Linux in Business
ESET announced three new products for Linux and FreeBSD users. The new Gateway, File and Mail products provide SMB and enterprise users with the highest level of malware protection throughout their Linux infrastructure, without impacting on network performance.
In what seems like a promotional press release for Microsoft, Turbolinux talks about something which is called “Interop Vendor Alliance”. Remember WSPP and MCPP? The release from Turbolinux itself states:
While today's market for IT administrators is tight, the demand for Linux experts continues to increase, according to Brend Marinaccio, HotLinuxJob.com's open source recruiting director. He sees great opportunities for success in the Linux professional market. Emerging technologies, such as Xen virtualization on Linux, are creating what Marinaccio sees as a "talent initiative" within the Linux industry.
MontaVista Software, Inc. announced that it has purchased a Seoul-based company to meet the growing demand from Korean device manufacturers and software developers for MontaVista embedded Linux software and services. The announcement was made at a press conference in Seoul.
CCID Consulting, China's leading research, consulting and IT outsourcing service provider, and the first Chinese consulting firm listed in Hong Kong (Hong Kong Stock Exchange: HK08235), recently released its article on China's Linux market, which grew by 29.2% and has great prospects for its new Linux Desktop.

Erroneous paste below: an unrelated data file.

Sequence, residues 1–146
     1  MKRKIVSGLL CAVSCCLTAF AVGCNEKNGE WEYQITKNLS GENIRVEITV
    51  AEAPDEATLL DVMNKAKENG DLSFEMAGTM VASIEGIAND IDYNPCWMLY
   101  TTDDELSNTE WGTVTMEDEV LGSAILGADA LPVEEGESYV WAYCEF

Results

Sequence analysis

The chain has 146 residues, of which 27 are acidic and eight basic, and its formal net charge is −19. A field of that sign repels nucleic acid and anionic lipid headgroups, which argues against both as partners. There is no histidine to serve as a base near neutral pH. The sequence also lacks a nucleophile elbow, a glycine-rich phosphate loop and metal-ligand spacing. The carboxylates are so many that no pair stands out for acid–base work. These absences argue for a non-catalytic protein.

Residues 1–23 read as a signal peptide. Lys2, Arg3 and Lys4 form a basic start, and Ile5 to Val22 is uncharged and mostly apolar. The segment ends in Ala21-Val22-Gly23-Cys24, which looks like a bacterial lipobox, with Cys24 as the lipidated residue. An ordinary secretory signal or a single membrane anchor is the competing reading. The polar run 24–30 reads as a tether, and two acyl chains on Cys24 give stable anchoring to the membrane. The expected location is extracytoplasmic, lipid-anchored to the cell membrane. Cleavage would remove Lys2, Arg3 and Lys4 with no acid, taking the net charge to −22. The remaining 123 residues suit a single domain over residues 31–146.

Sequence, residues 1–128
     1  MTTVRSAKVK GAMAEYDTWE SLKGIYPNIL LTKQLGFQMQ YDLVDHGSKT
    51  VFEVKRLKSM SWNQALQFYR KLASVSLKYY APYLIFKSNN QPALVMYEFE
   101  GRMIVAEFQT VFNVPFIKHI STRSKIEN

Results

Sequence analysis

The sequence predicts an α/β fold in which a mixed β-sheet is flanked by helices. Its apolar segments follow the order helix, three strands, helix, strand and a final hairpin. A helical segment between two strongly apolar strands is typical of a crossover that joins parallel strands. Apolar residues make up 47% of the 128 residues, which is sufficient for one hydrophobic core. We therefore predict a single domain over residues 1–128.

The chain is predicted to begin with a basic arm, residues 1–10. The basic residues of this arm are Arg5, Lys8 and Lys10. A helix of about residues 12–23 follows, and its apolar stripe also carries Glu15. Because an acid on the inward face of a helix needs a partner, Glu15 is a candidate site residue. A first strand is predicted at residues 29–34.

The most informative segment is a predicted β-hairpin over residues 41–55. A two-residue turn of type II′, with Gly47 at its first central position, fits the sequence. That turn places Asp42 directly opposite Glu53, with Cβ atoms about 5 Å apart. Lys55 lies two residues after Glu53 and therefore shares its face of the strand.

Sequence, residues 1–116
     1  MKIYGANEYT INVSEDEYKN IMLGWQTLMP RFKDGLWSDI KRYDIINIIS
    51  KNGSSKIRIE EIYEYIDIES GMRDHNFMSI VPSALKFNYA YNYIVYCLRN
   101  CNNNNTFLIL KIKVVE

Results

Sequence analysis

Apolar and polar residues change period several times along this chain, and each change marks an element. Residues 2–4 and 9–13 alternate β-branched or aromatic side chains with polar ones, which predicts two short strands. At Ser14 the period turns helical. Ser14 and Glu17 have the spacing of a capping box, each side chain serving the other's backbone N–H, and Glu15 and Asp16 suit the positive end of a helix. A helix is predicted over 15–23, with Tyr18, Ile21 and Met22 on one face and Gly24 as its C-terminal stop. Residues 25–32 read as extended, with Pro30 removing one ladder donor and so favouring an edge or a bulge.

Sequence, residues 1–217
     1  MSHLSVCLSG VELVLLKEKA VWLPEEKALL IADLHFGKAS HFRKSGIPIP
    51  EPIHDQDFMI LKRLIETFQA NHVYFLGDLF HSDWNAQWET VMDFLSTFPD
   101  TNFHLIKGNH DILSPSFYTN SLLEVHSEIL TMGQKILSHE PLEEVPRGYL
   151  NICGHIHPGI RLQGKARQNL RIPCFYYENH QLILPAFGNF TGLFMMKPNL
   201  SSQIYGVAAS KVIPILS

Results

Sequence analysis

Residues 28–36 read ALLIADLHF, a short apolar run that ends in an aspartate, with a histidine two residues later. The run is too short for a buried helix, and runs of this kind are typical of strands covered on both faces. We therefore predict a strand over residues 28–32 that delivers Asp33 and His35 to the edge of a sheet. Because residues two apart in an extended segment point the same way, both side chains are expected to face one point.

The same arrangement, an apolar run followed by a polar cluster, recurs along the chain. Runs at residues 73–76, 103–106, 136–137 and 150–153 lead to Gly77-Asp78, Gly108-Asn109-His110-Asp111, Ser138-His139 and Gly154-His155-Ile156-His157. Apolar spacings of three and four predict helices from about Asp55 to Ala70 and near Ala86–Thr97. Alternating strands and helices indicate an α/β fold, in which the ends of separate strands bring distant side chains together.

Matt Asay points us to a fascinating paper (pdf) by Oliver Alexy of Technische Universitat Munchen (TUM) Business School, that looks at how the stock market reacts to companies that announce open-source software releases.
2007 is shaping up to be a banner year for open source companies. SourceForge, which hosts almost 160,000 projects, just posted fiscal year 2007 revenues that showed a hefty 35 percent increase over 2006.
In today's economy, most people are focused purely on making money. The reason behind making has been, for the most part, lost on most fronts. When asked what the top goal for their life was, many people claimed it was to get rich. People are encouraged to go to college purely so that they can get a good job that pays them a lot of money, they are told that in order to do anything they want, they need money, they are told to follow the money first, and then form goals based on the amount of money they obtain. This is counter-intuitive to everything one can find when one looks at the major innovations, inventions, and general success throughout history.